May 18, 2002
Single-sex algebra adds up
Separating boys and girls may promote better learningMeghan Cox Gurdon
Quick question: When you think "segregation," what comes to mind? Police dogs tearing at the trousers of civil rights protesters? "Nie Blankes" signs at a South African beach? White bigots jeering at pigtailed Southern black schoolgirls? Segregation is one of those nouns that has lost its neutrality; it now carries indelible connotations of racial separation.
So when someone starts flinging accusations of "resegregation" around, one ought to take it seriously. Unless, perhaps, that person is Ellen Goodman, the Boston-based columnist whose rant against the Bush administration appeared in these pages on Thursday. According to Goodman, the administration has not proposed changes in U.S. federal education regulations "to provide schools as much flexibility as possible," as Education Secretary Rod Paige explained it. Goodman says this is "a pose," and perceives a dark ulterior objective: "What they really want is ... to allow funding for resegregation."
It sounds terrible, doesn't it? Except the "segregation" she describes has nothing to do with race, and shouldn't be remotely scary to anyone but an excitable feminist who sees the patriarchy lurking behind every Bush. The U.S. Education Department has released a "notice of intent to regulate," being the first step in a tedious and lengthy regulatory process that, in the end, will encourage public schools to offer single-sex classes if teachers, parents, and administrators think students will benefit.
Egad! Single-sex algebra! It's back to the 1950s! No, Ms. Goodman, "intent to regulate" is a call for public input. "This is a complex and sensitive issue that requires a considerable amount of consultations," said Secretary Paige, the cunning resegregator.
There are 11 same-sex public schools in the United States. At those few schools, as at the many expensive private ones that offer same-sex environments, children perform better than average in tests. Boys gravitate more freely into such subjects as theatre that, in coed schools, are dominated by girls, and girls are more likely to be science nerds when they're safely among their own. Anecdotally, graduates of single-sex schools always seem to me relieved to have escaped the sex-charged weirdness of coed public high school. As a product of the sex-charged weirdness, myself, I can only hear their stories with envy and wish I hadn't wasted so much potential academic time on spotty boys.
Letting public school districts create separate classes -- and entire same-sex schools, if they want -- to promote better educational outcomes for children makes such obvious good sense that it has attracted both right- and left-wing supporters, including Senator Hillary Clinton, who went to all-girls' Wellesley College. But feminist groups and activist civil rights lawyers are going to fight this. For them, Title IX -- the 1972 amendment to the 1964 U.S. Civil Rights Act which prohibits discrimination on the basis of sex -- is a sacred text, and anything "separate" must necessarily be unfair discrimination.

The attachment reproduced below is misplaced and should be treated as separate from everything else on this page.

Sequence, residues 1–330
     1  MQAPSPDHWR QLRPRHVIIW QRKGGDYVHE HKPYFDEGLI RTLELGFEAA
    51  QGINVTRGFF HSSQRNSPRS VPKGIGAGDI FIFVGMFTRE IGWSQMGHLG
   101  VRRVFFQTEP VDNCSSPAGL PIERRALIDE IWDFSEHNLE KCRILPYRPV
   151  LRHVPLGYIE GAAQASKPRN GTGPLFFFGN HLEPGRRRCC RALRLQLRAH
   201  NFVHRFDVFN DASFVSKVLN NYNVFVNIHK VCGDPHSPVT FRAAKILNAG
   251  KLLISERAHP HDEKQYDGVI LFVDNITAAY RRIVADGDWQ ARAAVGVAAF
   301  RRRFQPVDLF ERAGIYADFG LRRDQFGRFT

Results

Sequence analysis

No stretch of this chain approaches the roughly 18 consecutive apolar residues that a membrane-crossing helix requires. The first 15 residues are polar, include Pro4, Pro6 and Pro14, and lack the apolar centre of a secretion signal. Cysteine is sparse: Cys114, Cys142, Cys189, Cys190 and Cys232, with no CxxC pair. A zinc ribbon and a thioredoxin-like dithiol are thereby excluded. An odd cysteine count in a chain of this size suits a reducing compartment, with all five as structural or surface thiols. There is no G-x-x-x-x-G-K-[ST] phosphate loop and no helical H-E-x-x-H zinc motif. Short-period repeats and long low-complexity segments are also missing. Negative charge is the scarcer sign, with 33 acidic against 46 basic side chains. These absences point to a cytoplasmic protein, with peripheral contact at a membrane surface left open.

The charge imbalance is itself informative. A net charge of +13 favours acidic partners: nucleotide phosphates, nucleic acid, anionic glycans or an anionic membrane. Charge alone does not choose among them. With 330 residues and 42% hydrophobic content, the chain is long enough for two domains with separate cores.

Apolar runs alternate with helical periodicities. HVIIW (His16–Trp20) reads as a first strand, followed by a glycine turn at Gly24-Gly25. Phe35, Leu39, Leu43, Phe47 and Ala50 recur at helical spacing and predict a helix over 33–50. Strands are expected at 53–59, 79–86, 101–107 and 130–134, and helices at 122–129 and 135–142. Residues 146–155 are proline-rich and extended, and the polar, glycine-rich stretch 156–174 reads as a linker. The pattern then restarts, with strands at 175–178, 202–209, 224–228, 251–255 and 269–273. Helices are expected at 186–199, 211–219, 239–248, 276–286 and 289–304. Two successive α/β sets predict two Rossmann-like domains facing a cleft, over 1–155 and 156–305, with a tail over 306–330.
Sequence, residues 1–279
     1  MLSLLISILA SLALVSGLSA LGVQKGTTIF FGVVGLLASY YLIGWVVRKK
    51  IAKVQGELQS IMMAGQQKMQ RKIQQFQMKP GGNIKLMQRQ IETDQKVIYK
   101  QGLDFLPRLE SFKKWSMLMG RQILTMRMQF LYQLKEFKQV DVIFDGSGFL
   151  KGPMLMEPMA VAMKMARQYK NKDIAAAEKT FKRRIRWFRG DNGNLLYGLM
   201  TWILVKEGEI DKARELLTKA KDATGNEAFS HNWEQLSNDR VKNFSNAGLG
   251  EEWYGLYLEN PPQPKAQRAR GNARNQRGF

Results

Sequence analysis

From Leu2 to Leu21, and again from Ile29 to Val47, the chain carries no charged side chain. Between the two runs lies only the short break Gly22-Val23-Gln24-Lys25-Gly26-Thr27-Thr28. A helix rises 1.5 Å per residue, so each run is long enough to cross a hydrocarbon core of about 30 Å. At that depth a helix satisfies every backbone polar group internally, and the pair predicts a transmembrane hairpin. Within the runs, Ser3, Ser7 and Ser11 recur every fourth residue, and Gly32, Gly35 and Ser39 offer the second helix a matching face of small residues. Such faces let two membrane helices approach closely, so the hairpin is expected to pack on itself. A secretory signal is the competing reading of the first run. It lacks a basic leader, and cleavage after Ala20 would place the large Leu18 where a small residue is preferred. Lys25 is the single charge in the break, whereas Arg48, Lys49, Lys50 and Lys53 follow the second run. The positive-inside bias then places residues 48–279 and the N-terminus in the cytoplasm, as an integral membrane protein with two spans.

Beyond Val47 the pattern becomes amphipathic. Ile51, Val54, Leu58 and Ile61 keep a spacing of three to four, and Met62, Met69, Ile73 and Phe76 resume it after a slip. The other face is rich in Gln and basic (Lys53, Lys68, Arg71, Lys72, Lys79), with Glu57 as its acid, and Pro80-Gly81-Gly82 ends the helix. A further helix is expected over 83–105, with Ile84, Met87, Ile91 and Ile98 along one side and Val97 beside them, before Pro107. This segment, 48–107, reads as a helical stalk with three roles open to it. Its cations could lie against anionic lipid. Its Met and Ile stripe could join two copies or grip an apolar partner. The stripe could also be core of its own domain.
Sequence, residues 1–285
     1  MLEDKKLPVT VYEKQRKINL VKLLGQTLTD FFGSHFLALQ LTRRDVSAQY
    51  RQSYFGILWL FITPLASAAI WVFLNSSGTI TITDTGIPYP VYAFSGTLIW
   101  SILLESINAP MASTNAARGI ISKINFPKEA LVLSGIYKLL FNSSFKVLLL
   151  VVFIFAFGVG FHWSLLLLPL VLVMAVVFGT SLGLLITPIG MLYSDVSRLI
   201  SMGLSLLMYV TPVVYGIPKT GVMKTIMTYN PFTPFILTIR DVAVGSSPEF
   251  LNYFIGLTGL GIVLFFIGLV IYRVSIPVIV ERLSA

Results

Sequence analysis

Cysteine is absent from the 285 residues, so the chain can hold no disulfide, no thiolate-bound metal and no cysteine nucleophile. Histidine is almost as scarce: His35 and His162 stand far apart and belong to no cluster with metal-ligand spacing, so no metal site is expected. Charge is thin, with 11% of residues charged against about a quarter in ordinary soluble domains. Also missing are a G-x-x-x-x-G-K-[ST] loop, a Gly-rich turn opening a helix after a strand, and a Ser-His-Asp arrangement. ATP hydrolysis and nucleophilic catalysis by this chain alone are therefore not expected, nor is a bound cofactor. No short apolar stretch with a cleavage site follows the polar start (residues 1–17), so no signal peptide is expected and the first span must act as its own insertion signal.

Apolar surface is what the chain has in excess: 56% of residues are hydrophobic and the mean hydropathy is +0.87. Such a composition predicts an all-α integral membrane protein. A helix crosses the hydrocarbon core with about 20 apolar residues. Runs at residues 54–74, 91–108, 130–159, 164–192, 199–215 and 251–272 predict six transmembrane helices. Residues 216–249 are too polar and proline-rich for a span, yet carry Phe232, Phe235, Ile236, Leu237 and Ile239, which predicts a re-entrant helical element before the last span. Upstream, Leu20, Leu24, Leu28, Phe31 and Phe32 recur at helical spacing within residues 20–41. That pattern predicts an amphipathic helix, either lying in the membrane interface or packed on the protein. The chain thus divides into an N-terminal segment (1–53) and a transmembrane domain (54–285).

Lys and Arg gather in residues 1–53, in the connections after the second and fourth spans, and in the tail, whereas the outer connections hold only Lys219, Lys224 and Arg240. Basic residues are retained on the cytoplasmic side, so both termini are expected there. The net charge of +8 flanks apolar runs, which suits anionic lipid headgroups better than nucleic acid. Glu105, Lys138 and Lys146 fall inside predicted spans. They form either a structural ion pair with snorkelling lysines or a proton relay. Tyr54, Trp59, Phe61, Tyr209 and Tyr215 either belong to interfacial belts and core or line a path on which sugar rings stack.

Where equality alarmists stray into absurdity, I think, is when they assert that schools are where children learn about life, and that, therefore, a same-sex classroom is dangerously artificial. Coeducation means "we are less likely to see each other as 'other,' " Goodman wrote, as if men and women are Nazis and Jews. "This school world is, after all, a mirror image of the larger world." She's got it totally wrong. In school, you get all types -- preppies, jocks, druggies and nerds -- from the same age cohorts, packed in together, moving from room to room according to the clock and getting the whole summer off. In real life, you can associate with whomever you like, go to bed whenever you want, choose your job, spend your money as you like and maybe take two weeks off in August. Not the same at all. Adults do not fear cliques; teenagers live in dread of them.
I would like to think that the stirrings of bipartisan support for same-sex classes shows that we're finally shaking off the hangover of the Sixties and Seventies. For 30-odd years feminists have lectured about the infinite mutability of "gender," if only children were free of sex stereotypes foisted upon them by "societal expectations" and the patriarchy. Even now they bang on about "gendered perceptions" making boys masculine and girls feminine, when any mother can tell you that from infancy boys are, generally, more masculine (toddler boys turn bananas into weapons) and girls are, generally, more feminine (little girls give names to toy trucks, and build nests for them). Slowly it is becoming acceptable to acknowledge the obvious differences between the sexes -- differences which extend beyond children's interests to neurological disparities that, for example, give kindergarten girls a major advantage in learning to write. If boys learn better without the distraction of girls, and girls without boys, then what, please, is the big deal? Is not school where children go to be educated?
Permitting public schools to offer same-sex classes to help children learn more isn't apartheid. It is the triumph of common sense over a tired -- and tiresome -- ideology.
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